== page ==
Scottish fruit and vegetable growth strategy unveiled

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Growers say the strategy will benefit Scotland’s health and environment, as well as the economy

Scottish fruit and vegetable producers have drawn up a new strategy to boost the industry in response to Brexit.

Business leaders fear it could be hit by a slowdown in European exports and a shortage of workers once the UK leaves the European Union.

The Fruit, Vegetable and Potato Industry Leadership Group wants to support the industry through to 2030.

It said the strategy would benefit the nation’s health and environment – as well as the economy.

The Scottish fruit and vegetable retail market, excluding foodservice, is worth over £1bn.

The leadership group includes a wide range of producers as well as Scotland Food and Drink chief executive James Withers.

Its recommendations include supporting collaboration between smaller producers and farmers, attracting more publicly-funded grants and creating a pilot seasonal agricultural workers scheme.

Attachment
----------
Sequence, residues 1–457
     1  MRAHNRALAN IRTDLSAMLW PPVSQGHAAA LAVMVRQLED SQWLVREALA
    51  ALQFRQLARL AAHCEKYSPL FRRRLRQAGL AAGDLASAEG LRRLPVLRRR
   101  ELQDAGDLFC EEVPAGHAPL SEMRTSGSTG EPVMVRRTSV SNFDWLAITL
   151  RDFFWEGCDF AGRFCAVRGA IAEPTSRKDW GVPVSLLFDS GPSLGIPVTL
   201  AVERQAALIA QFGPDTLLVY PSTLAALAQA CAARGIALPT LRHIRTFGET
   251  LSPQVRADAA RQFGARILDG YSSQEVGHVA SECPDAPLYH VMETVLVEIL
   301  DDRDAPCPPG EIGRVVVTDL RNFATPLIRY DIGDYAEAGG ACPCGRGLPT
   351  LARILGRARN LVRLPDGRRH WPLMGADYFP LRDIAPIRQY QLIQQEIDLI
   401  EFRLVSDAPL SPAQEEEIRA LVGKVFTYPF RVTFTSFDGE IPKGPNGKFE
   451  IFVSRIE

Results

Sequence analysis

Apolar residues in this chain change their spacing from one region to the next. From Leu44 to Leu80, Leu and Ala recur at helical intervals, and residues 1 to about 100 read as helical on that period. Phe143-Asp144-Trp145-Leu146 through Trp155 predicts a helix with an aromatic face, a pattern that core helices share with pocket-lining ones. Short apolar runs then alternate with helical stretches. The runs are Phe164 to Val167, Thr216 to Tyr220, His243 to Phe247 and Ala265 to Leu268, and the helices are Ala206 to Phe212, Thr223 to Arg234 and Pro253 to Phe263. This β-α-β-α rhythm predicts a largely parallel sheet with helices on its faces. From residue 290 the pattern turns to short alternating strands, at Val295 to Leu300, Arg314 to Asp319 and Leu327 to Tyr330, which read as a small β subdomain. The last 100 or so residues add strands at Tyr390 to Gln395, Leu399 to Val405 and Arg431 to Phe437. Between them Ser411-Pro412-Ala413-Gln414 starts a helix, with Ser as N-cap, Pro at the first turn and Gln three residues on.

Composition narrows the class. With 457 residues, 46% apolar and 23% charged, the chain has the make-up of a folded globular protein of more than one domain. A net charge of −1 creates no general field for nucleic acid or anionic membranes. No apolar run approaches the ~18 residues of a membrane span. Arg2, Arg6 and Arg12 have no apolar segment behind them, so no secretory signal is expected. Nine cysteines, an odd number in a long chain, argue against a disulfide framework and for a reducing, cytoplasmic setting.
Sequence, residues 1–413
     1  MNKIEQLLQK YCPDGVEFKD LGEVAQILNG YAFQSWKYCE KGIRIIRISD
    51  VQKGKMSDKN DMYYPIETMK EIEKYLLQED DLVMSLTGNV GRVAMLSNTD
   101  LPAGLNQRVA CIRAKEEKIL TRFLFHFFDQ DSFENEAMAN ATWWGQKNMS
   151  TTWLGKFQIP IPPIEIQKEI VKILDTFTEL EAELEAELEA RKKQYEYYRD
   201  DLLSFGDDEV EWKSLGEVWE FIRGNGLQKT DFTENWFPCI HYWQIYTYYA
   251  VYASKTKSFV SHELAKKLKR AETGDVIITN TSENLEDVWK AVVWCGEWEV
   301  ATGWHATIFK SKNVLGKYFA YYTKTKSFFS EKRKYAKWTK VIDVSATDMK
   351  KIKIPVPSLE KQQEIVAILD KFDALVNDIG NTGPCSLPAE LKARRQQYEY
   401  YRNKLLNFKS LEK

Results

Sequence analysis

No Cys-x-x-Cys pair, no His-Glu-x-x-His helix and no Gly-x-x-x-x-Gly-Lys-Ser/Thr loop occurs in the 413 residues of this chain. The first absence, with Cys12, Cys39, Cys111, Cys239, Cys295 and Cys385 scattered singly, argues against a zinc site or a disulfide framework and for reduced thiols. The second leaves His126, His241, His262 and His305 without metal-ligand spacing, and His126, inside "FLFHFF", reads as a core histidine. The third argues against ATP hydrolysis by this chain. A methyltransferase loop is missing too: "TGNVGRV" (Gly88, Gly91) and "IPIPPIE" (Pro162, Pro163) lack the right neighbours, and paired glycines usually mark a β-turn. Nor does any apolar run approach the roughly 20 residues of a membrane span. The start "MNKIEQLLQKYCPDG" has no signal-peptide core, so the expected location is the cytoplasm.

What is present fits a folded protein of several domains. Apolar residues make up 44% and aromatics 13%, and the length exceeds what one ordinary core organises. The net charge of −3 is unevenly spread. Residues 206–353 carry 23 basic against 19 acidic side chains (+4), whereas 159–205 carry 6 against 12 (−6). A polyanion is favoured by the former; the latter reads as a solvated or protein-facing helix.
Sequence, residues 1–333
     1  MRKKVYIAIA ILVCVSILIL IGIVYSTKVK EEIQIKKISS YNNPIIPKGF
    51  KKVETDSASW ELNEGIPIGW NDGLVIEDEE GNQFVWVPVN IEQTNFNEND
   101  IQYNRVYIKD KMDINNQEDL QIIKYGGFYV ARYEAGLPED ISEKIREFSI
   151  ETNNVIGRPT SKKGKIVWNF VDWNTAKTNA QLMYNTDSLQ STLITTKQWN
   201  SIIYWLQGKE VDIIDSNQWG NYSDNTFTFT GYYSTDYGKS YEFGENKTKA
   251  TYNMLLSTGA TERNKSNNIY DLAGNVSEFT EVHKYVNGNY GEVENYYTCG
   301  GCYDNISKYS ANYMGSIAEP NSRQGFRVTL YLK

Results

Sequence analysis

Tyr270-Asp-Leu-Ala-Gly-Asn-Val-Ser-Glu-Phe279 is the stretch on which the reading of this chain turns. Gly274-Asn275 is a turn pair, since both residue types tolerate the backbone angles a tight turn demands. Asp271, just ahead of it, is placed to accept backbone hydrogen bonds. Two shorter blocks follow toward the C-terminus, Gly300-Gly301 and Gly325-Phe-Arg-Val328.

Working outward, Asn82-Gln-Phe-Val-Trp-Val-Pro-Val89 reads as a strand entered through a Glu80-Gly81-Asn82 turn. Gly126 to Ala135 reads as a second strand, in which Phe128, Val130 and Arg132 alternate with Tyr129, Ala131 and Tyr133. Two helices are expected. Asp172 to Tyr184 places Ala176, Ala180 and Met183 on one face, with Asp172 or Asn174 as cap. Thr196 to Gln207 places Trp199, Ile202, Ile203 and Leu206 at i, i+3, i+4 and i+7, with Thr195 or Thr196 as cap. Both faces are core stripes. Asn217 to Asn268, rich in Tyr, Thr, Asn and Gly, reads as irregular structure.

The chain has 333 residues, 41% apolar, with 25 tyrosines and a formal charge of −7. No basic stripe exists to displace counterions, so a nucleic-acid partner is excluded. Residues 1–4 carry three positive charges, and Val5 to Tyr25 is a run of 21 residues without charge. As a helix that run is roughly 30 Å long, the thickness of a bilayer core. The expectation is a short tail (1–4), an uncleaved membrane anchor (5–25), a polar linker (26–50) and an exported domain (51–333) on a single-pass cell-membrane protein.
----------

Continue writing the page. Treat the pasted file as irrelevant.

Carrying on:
Scotland’s fruit and vegetable sector:

  • Scotland grows a third of the UK’s soft fruit and almost a quarter of the UK’s potatoes
  • Vegetable production has risen by 25% over the last 10 years
  • The estimated value of exports of fruit, vegetables and potatoes grew from £24m in 2007 to £68m in 2016
  • Horticulture provides 10% of Scottish agricultural output, and potatoes a further 7%. This means the sector is larger than cereals or dairy

Source: Scotland Food and Drink

The group’s chairman, Allan Bowie, said there was “huge potential” for the sector to grow.

He added: “We recognise that the fruit, vegetable and potato sector in Scotland is diverse and each sub-sector has its own distinct challenges and opportunities.

“But we believe that if the sector works collectively with a focus on skills, innovation, strengthening the supply chain and developing markets the sector can carve its place in Scotland’s food and drink success story.”

Rural Economy Secretary Fergus Ewing said: “Scotland has some of the healthiest, freshest and highest quality produce anywhere in the world, and there are exciting opportunities ahead for our growers and producers across the fruit, vegetable and potato sector.

“There is no doubt that we face challenges, particularly relating to Brexit, but this sector has huge potential if we can increase consumption, displace imports, and capitalise on our reputation internationally.”

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